SPEECH: Oh man, honestly, I owe the Japanese my life in music! Because after the band broke up (originally, in the mid 90’s), I was totally depressed. My solo album didn’t do anything in the United States, I thought my career was over. And then I looked at the worldwide charts, and that same solo album that did nothin’ in the states was number 1 in Japan. So I talked to my manager and I told him ‘lets go to japan and do some shows’ and so we did. And I tell you, the reception I got was almost like a very small version of the Beatles. It was so exciting, people were so excited about the exact same music that in America they didn’t get it. I knew it was still great music, but they didn’t get it. So it was really refreshing, it was – more than refreshing, that’s an understatement, it was almost lifesaving, in a musical sense. Ever since then, we started releasing special, limited releases in Japan and started touring there way more, so I think we’ve had a chance to really build a great relationship with a lot of Japanese fans, and I’m really grateful for those people. I mean, they’ve just been an amazing group of fans, and also friends.

JOSH: I think it’s a beautiful connection that you guys have with Japan. I think it’s really amazing to consider that like you said, a lot of the themes that you were approaching in the mid 90’s were very home-grown, it was a lot of really home-focussed content specific to American life. To see it resonate outside of America must have been an absolute mindfuck. 

SPEECH: *laughs*, yup. It was.

JOSH: You know, Japan gets this. America for whatever reason doesn’t seem to wanna get this, but Japan gets this. That must have been really amazing.

SPEECH: It was, it definitely was. And you know, thank God – thank god for Australia, thank god for Japan, New Zealand, Europe, Africa. Because honestly, there’s times in America where it’s all about consumerism and `whats new, whats new, whats new’. Even when a group like us who’s been out since the late 80’s put out something new, a lot of times the market in America is more fickle. They want something new, like from a new group, or from a new artist. And I don’t mind that – of course, we were new artists in the late 80’s, I love when new artists make great music. What I don’t like, however, is when there’s this sort of ageism happening, this thing against supporting new work from artists that are more your veterans of the game. And it’s like, you know, that to me is unfair. At least give us a chance to put records out and let the public decide if they like it or not, don’t just automatically shut it out just because we started in the late 80’s or early 90’s. To me, that’s not fair.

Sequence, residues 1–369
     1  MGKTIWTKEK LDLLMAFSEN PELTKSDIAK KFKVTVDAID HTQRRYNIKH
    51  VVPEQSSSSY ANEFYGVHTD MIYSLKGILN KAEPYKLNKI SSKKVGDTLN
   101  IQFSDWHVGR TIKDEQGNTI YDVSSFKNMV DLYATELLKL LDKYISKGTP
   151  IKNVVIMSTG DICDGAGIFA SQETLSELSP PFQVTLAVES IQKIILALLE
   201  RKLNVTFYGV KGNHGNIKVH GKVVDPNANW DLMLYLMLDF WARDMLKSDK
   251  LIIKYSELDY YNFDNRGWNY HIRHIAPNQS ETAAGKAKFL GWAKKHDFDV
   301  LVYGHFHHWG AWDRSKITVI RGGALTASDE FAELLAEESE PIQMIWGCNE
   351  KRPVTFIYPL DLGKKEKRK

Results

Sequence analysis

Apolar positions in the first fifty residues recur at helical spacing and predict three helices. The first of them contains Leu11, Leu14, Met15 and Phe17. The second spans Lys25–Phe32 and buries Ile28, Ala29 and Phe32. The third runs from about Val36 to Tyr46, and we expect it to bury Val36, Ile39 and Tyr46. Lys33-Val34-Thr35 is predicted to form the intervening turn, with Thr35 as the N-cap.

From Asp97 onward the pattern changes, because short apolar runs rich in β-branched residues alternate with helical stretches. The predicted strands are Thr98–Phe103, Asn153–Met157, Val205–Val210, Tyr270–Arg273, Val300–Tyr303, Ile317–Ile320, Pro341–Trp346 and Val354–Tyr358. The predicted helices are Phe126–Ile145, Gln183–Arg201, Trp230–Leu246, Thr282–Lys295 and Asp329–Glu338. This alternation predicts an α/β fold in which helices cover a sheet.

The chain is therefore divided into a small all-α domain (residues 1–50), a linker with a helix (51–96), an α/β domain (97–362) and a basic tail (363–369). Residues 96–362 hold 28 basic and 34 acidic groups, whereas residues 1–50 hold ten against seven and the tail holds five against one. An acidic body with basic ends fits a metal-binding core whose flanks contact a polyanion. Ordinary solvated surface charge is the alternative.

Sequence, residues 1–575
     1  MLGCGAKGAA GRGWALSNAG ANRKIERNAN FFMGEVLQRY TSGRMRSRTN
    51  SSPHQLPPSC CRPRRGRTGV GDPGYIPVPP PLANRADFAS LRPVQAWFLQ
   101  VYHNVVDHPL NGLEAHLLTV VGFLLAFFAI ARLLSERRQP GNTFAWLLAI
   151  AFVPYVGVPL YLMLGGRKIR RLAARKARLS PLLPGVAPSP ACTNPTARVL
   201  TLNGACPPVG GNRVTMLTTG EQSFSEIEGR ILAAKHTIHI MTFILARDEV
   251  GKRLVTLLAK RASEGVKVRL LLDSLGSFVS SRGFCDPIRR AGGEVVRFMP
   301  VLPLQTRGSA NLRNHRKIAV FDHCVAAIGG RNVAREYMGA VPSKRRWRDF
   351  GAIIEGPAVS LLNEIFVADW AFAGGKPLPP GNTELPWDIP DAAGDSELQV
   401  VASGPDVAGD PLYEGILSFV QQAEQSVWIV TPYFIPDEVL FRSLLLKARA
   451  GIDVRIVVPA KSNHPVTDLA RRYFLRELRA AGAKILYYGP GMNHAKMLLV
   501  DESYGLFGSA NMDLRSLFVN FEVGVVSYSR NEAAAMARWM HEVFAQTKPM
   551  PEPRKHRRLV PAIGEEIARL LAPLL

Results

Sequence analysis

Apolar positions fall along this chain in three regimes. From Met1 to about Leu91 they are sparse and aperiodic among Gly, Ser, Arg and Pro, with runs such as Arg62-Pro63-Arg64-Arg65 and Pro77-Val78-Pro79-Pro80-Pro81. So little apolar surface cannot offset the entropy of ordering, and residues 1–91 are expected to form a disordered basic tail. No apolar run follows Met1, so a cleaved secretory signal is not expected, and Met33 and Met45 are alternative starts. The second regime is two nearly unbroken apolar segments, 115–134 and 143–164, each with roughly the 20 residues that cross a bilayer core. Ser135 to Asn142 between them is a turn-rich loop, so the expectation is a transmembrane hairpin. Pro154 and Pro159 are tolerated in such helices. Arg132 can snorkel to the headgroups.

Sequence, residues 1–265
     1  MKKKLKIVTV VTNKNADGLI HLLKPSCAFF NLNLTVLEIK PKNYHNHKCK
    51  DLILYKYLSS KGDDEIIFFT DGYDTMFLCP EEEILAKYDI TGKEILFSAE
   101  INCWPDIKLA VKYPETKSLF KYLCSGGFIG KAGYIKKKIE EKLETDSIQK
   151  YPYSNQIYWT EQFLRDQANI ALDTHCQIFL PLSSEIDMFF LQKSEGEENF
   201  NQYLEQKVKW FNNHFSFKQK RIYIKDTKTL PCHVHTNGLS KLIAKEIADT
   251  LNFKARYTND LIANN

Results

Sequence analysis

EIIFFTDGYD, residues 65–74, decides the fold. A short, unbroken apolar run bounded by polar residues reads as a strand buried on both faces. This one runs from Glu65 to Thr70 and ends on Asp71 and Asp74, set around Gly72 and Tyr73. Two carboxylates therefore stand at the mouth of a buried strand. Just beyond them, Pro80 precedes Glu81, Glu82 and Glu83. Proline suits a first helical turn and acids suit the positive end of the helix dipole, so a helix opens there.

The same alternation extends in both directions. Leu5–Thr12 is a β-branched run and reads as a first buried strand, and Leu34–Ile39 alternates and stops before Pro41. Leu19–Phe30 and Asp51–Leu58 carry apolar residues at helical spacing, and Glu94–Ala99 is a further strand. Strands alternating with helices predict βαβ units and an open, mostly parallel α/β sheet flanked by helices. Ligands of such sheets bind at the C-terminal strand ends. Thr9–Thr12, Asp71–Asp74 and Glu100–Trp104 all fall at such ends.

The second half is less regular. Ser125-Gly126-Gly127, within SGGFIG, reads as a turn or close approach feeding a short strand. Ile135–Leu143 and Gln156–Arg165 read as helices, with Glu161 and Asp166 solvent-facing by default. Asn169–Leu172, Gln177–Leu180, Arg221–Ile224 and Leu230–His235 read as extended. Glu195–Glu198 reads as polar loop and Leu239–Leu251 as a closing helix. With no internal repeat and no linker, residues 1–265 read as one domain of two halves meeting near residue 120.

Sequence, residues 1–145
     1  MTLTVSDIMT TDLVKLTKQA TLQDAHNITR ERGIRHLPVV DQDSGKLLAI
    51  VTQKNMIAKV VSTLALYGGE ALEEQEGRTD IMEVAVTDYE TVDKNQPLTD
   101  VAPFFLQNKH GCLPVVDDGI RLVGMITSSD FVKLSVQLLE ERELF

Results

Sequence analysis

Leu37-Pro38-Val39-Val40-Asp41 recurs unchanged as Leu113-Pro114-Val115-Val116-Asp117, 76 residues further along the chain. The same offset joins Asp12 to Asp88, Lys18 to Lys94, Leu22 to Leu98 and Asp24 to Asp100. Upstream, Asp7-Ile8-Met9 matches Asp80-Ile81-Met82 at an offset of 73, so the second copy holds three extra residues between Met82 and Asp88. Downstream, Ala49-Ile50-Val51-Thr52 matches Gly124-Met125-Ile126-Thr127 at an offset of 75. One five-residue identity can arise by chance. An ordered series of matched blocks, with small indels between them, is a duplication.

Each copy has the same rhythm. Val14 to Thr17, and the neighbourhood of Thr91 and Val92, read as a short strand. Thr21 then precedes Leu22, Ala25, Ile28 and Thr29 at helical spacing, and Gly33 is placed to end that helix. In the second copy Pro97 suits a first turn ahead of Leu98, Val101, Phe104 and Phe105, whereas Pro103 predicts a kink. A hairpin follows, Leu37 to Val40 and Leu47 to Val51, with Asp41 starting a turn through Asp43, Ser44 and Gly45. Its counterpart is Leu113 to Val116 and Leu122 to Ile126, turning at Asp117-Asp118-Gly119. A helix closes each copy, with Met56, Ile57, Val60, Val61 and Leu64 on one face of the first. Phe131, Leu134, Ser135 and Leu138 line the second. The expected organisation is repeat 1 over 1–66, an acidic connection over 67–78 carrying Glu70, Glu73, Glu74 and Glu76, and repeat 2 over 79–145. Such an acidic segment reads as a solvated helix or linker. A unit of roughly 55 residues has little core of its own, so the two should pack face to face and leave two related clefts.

JOSH: For sure. I find it very strange, that attitude. We get that a bit in Australia as well, where once a band hits what people perceive to be their peak, it becomes very difficult to catch the public’s attention again. I know the album’s seen a life of it’s own since, but for what it’s worth, that self-titled solo album that you released in ’96 is one of my all time favourite albums still to this day. 

SPEECH: Thank you man, I truly appreciate it.

JOSH: I have one final question: I know the world’s in a really wild place right now, there’s a lot of darkness out there, a lot of hate. I know I can’t ask him myself because I don’t have a direct line, so I’m gonna ask you – if I was sat in front of Baba Oje (the band’s spiritual leader) right now, what advice do you think that he could offer me regarding keeping my head up during all of these dark times?

SPEECH: Wow, that’s a great question. Baba’s the ultimate optimist. So he’d tell you don’t pay attention to the dark parts, just focus on the light. That’s what Baba would likely tell you.

JOSH: Truth. I will be taking that with me going forward, and I wanna thank you from the bottom of my heart for taking the time to speak with me today. We’ll see you when you get out here in November!

SPEECH: Thanks much brother.


SPEECH: Peace.

Arrested Development are performing a couple of select Australian shows, check out the dates below.

12th November
Metro Theatre, Sydney
Tickets: Metropolis Touring

13th November
Forum Theatre, Melbourne
Tickets: Metropolis Touring